We have commissioned a new piece of writing from fifty leading authors on the theme of 'Elsewhere' - read on for Karen Campbell's contribution.
You are standing in a garden, crying.
This morning you watched your grandmother push scraps from the breakfast plates into a Tupperware bowl. Lenacan have this for lunch. Tough rinds of bacon tumble onto a piece of yolk your father has dipped his toast in. The dirty knife from one of the plates keeps scraping until the plates are virtually clean. Food fit for a cat. Lena is their servant. She’s one of the women your grandmother’s been teaching English to, in secret, arranged through the Anglican church. There was news about it on the BBC, before you even got here – rioting in Alexandra because they were being made to learn in Afrikaans. Whenever South Africa is mentioned, you tend to tune in. You have family there. And you told everyone at school about it; how gran’s house was turned by secret police, they huckled her and her friends into a van and interviewed them downtown. Your grandmother is a white woman. She was given a room with a chair.
Rebel gran, who’s scraping plates and listening to her neighbours tell jokes about kaffirs as Lena polishes around them, her shy, downcast skin bright with sweat. It’s not how you imagined, here. Oh, the sun is huge and raw with heat, dry granular grass and mealies on the braai make you know you’re not at home and everything is out of date. Melamine shop frontages decked in chirpy sixties lettering, the men all congregating in one room, smoking while the women wear make-up and high heels. Plastic, chunky ones which match their oversized jewellery. The white women that is. The only black lady you’ve seen up close is Lena, and she’s in blue nylon, a pallid dustcoat which makes her gleam.
Not your rebel gran either. She wears soft-draped colours of heather and moss, and flat, flat pumps which accentuate her tiny frame; the delicate stalk for her bubble-permed head with its fine jaw and the African hoops at her ears. There’s a distinct tinge of purple in those curls too. You love purple, it’s your favourite colour. You watch her clip the lid on the bowl and tell Lena to take it. You hear her call her girl.
Now clean the floor, girl. This whole house needs redding.
Her voice goes loose and guttural, cracking back to the accent of her past. Today is the last day of 1983; the house zings with activity and rush. At home, it would be Hogmanay, and you hear your mother trying to get the neighbour to pronounce it right. Not hodge. No, hog. As in pig. You bite your smile because she really does look like a pig, this woman. She’s large and blonde and pinkly orange, hails from Huddersfield but came here twenty years ago on a ten pound ticket and she’s never looked back, has she Jean?
Vaguely, your gran trails a no, goes on chopping turnip. Or it could be pumpkin; it’s the same colour as the neighbour. More stringy.
Standard of living’s so much better, in’t it though? I mean, we couldn’t afford an house like this back home. Nor servants, eh? Although you can never trust the kaffirs, love.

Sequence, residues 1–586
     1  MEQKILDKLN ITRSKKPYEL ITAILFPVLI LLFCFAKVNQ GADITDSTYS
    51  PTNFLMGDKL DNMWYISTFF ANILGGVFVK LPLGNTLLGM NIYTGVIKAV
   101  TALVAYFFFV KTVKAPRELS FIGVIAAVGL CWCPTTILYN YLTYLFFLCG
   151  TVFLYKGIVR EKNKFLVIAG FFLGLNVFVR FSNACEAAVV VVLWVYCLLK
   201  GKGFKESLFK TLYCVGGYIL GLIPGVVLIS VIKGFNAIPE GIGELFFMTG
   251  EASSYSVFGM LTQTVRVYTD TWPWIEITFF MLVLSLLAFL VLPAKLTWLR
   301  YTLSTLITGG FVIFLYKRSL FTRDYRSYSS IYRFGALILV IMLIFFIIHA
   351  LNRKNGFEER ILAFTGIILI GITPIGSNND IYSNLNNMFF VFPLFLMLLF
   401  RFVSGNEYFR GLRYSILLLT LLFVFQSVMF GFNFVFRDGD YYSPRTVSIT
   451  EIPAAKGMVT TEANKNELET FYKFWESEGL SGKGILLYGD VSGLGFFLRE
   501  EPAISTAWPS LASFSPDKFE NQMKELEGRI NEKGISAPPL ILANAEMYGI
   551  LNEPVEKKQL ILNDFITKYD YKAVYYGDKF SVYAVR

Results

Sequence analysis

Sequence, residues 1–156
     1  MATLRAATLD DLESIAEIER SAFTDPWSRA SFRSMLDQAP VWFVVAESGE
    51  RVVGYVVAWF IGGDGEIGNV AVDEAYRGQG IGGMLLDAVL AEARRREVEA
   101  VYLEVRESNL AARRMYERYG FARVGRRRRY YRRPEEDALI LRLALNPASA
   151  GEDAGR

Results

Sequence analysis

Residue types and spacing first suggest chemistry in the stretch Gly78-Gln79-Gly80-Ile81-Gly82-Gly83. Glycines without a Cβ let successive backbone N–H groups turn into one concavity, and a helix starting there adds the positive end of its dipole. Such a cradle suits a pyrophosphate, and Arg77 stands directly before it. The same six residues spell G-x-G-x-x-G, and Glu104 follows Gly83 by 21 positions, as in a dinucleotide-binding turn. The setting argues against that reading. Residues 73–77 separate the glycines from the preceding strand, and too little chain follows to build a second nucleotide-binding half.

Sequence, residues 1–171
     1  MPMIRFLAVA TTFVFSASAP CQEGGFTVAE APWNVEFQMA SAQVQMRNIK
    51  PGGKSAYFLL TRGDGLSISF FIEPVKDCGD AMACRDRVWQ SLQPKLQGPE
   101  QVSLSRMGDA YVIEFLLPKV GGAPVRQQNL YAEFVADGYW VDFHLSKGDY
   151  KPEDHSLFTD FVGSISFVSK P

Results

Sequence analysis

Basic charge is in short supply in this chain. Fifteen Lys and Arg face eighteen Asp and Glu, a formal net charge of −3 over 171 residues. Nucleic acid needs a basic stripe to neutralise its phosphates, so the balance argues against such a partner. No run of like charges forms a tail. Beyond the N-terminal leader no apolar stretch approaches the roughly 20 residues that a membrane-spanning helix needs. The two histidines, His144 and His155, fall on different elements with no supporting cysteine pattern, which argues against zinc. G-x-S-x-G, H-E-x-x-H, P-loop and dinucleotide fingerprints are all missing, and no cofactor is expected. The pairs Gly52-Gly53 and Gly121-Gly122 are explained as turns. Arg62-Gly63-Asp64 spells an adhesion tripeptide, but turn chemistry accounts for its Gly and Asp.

She pats your mum’s hand as she speaks.
So long as you know these girls’ll thieve from you given half a chance, you’ll do alright. In’t that right Jean?
What’s that? says your gran. Even now you can see her, considering the blue of the sky outside. She’s an artist. Her lush paintings decorate all the walls. You decide, when you go to the game park next week, that you’ll take your pastels with you. You’ll draw one of those thatched huts gran showed you in her Kruger Safari brochure, and you’ll sketch Lena sitting outside. This is your first Christmas in a foreign country and, so far, it’s been very weird. Turkey dinner by the swimming pool, meeting cousins and aunts you’ve never seen. Observing the warp in your dad’s face as your uncle and gran talk about a trip she took to Durban last year. Your uncle lives in Durban, has told you all about the shark nets, how safe it will be when you swim there. The nets are interlinked on the white beaches, sporadic on the Asian ones, non-existent for the blacks. Dad’s mouth is older than his brother’s, but it’s the same shape. You’ve never seen a face that matches your dad’s before. You think he’s about to smile, but you’re not sure.
You are not sure of anything.
The pig-woman is having a party tonight, and you’re all invited to come. That’s why she’s here, her and her blue-blond son. The boy’s about your age, but he’s dressed in neatly-pressed shorts and a blue, checky shirt. He is the picture of wholesome goodness. He makes you want to boak. You sense him shuffle close to mother when you come and sit in the lounge. Eyelashes pale as dust, blinking at you. Your own are caked in mascara, ringed with clotted black kohl which matches your hair gone frizzy in the sun. Your mum has hidden your crimpers (in her suitcase, under the bed; you’ve already used them twice, but there’s been so much swimming you doubt she’s even noticed).
Swimming and scowling. That’s all you’re good for.
Doubt the lass would rather a night out with the youngsters, eh?
The neighbour’s smiling at your mum, then you. The boy recoils. You witness him visibly shrink-in small, he’s folding in on himself in his need to be not there. He makes you think of a Mini Milk, melting and dipping in the middle where you’ve licked it. You always lick the middle, make a belt of it then chomp the solid dumbbell either end. With crisps, it is necessary to smash the bag before opening, so crumbs rain into your concave palm and Kit Kats, well, obviously you slice the tinfoil with your fingernail, snap in two silver strips, peel off the wrapper and sook each finger until you strike wafer-gold. Obviously.